Sisi was a great character, and you can tell Ms. Goodwin had fun exploring her motivations. In the author’s note at the beginning of the novel, Ms. Goodwin admits to having a fascination with Empress Elizabeth as a child and she says she sees “ghostly parallels” between Sisi and Diana Spencer – “Both women, who married men they hardly knew and who didn’t understand them, were famously glamorous and unhappy.” Sisi doesn’t mind the gossip about her learning circus tricks on her horse, keeping a monkey as a pet, or riding out on the hunt far in front of a pack of men, but she does very much mind the idea that people will judge her by their ideal of royalty and find her wanting. She has a fear of losing her beauty, and for someone who takes great pride in her features, she has a horror of being photographed. Sisi is accustomed to getting whatever she wants without being questioned, but she still finds that her life is missing a freedom she can’t seem to grasp.

The character I had the most trouble understanding was Bay. I wondered if he might be a little too tempestuous for Charlotte in the long run. Not only does he develop a strong fascination with Sisi when he’s supposed to have an understanding with Charlotte, but he was involved with a married woman at the beginning of the novel. The book spans less than a year of time, so I found it a little hard to believe that, in the course of that time, he could be so infatuated with three different women. I definitely thought that he cared about Charlotte, but I found myself wondering if he was really a good fit for her. Maybe that’s just me putting myself in Charlotte’s shoes and wishing she could have fallen for someone a bit more reliable!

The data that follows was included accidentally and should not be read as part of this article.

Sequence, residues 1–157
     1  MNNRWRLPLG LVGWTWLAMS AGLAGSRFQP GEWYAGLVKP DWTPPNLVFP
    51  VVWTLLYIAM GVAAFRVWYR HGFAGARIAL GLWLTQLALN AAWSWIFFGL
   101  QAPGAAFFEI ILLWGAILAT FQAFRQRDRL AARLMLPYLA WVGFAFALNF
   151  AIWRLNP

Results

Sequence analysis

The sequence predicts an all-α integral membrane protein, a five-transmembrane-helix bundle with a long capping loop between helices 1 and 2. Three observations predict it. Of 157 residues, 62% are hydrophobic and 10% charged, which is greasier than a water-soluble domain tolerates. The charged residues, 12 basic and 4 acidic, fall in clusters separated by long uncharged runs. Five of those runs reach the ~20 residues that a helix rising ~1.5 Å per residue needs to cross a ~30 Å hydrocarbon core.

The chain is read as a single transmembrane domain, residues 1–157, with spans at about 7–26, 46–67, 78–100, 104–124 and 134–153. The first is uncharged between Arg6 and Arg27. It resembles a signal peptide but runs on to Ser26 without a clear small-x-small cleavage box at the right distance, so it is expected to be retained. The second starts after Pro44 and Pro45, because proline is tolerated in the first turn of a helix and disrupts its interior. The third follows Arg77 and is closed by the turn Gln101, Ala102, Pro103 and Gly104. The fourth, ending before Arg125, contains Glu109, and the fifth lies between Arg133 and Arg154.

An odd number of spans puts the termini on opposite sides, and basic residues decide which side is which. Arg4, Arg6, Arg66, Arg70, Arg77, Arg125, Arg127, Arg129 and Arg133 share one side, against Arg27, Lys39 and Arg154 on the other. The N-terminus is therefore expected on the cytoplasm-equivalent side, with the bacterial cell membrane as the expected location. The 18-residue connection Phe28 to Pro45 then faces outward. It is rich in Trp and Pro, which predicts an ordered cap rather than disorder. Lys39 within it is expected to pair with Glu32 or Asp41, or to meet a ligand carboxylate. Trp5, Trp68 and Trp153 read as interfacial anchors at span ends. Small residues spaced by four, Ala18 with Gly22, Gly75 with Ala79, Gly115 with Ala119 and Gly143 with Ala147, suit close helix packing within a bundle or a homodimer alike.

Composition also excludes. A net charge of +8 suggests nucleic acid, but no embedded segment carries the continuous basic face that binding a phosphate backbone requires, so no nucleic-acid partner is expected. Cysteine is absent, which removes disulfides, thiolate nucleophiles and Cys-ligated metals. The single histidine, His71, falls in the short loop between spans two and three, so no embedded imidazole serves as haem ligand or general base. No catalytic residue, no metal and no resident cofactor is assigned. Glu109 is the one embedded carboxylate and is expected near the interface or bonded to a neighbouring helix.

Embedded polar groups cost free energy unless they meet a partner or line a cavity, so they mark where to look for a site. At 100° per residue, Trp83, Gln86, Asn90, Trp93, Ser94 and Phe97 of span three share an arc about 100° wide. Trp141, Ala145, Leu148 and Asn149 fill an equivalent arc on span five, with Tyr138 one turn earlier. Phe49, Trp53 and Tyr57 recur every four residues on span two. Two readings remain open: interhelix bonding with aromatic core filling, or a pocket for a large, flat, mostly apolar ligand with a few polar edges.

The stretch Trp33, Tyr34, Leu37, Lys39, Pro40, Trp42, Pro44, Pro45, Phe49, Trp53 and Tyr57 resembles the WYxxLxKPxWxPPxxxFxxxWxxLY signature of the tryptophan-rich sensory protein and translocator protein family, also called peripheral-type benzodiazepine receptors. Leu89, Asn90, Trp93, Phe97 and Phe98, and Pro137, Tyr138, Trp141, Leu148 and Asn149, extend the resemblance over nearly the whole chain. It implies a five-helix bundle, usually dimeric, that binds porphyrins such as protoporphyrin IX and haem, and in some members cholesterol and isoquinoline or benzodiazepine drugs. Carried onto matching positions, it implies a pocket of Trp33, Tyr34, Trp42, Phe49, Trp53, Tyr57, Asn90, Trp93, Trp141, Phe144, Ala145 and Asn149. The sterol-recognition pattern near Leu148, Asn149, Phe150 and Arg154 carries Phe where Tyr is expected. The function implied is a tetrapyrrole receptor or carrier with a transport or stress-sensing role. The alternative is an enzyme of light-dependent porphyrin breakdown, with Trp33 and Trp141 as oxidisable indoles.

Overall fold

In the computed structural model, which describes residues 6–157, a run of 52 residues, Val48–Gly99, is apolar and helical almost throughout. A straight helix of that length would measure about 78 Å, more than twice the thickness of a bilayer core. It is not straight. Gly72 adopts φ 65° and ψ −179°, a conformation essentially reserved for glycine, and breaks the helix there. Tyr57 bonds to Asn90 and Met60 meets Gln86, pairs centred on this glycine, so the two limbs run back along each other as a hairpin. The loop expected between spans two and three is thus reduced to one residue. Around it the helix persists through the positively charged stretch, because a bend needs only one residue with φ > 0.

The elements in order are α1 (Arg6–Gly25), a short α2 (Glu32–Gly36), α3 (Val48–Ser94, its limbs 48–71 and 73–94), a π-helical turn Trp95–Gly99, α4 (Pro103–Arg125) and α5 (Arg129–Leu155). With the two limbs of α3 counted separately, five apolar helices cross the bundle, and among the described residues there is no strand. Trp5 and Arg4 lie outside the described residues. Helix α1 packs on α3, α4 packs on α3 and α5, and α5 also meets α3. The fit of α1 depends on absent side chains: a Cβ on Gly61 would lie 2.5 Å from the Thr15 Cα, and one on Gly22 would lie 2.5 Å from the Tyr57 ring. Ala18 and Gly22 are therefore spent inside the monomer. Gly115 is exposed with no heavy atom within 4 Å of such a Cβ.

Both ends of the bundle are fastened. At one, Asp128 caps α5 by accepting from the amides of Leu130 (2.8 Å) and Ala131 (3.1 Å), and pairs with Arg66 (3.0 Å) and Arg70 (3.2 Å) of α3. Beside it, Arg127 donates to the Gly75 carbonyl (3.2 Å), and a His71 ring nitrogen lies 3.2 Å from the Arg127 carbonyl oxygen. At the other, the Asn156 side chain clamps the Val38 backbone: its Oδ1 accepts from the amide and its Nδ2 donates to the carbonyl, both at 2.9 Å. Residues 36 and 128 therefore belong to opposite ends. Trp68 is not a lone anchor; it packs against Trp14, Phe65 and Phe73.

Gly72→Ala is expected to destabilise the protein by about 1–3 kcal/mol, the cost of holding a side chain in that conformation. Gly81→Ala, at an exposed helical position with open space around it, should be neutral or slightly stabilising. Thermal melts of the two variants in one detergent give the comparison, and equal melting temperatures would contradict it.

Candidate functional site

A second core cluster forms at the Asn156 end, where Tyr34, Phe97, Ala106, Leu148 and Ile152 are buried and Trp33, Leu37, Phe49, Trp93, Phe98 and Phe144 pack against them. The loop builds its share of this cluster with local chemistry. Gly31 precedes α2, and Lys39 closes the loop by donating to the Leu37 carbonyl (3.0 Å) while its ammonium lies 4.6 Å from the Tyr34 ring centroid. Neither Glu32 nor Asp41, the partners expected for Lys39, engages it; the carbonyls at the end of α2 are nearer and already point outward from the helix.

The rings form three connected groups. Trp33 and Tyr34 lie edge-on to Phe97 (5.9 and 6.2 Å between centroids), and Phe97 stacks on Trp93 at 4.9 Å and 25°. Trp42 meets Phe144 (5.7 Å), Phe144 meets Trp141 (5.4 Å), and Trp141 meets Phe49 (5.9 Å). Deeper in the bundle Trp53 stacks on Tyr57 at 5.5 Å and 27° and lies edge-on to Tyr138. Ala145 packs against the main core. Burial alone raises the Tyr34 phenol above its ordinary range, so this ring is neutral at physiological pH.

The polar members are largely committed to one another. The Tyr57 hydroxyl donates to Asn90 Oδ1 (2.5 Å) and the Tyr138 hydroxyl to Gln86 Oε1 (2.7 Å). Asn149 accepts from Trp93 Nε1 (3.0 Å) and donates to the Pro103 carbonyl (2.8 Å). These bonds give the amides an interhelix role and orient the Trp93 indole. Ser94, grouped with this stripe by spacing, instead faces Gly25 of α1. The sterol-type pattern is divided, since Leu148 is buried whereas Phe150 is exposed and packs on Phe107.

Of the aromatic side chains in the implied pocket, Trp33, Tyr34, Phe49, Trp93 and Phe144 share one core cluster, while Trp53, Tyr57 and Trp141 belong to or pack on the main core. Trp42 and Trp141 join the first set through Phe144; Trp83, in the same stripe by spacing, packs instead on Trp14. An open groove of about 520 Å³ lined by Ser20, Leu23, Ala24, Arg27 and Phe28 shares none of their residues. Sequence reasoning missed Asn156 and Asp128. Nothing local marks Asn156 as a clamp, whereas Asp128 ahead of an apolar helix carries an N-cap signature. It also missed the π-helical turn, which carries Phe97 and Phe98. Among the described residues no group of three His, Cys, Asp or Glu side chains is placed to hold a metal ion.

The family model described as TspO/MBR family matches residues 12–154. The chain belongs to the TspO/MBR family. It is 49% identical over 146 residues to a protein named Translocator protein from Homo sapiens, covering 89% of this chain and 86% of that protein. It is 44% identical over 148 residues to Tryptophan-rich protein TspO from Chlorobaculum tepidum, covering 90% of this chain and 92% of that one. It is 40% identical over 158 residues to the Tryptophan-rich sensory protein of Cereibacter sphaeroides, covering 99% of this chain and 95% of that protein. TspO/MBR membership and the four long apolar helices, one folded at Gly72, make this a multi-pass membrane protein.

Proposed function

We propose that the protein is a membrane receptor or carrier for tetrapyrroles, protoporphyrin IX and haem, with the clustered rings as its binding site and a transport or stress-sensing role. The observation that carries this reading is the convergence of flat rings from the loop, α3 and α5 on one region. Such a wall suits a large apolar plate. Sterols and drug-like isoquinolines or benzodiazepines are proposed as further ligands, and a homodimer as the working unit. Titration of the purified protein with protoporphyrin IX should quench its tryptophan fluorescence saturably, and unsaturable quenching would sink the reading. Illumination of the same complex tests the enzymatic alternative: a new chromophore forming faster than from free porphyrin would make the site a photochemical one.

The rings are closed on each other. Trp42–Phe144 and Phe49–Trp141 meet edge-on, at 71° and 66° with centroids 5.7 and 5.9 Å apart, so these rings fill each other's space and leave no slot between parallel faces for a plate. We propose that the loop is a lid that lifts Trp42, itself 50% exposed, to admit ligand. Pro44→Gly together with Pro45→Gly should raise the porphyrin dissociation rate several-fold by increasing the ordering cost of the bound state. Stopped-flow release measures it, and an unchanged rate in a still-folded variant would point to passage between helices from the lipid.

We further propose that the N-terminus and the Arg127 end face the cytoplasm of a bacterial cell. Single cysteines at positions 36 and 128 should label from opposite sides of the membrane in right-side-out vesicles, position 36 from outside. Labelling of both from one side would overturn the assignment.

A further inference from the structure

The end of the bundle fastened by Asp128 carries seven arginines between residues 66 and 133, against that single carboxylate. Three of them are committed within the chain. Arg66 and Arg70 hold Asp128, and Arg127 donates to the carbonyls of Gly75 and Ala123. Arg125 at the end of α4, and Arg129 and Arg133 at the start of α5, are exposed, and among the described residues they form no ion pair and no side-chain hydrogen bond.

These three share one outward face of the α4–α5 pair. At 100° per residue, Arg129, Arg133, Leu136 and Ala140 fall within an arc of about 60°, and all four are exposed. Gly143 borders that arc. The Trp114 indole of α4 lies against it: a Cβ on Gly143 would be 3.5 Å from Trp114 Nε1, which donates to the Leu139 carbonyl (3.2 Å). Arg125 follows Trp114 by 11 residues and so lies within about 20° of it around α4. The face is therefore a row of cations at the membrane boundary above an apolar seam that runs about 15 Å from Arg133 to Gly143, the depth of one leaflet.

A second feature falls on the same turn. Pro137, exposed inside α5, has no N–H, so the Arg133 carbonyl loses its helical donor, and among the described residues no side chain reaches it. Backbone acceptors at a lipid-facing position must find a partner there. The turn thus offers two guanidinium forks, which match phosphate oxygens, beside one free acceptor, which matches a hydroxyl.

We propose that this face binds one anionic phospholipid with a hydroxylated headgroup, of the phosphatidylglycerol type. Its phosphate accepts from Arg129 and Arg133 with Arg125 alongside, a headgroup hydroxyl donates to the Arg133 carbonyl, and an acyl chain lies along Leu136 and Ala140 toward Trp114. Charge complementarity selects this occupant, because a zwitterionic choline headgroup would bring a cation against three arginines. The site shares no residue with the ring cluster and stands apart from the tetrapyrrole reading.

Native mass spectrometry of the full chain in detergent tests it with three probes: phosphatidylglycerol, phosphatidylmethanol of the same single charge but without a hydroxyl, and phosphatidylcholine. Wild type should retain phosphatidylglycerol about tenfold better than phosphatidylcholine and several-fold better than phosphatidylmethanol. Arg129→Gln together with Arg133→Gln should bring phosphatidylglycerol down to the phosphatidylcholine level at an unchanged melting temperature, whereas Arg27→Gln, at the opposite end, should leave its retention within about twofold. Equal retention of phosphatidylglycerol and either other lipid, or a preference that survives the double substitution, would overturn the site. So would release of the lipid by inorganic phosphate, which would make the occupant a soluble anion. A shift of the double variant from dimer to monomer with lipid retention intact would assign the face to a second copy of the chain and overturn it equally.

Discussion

I really enjoyed the use of photography in this novel. It was a relatively new medium for people to experiment with, and none of the characters are quite sure how to feel about it. Everyone has a set idea in their head of how they appear to other people, and if a photograph contradicts that idea, it can be an unpleasant surprise. Augusta is a great example of this attitude. She is quick to snub the idea of Charlotte’s photos as art, complains about the time involved in taking a photograph and, when she doesn’t like how she looks in a picture, she takes it out on Charlotte. She becomes much more open to the process when a photographer pets her ego by posing her like a goddess in front of a painted backdrop. Characters seem to have a fear of photographs and what a photo of themselves might reveal. As Charlotte points out to Sisi when they are formally introduced, “A royal portrait is bound by its very nature to flatter its subject, but a photograph cannot lie.” With one of her photographs, Charlotte learns a particularly hard lesson about what a camera can capture that the eye might have missed.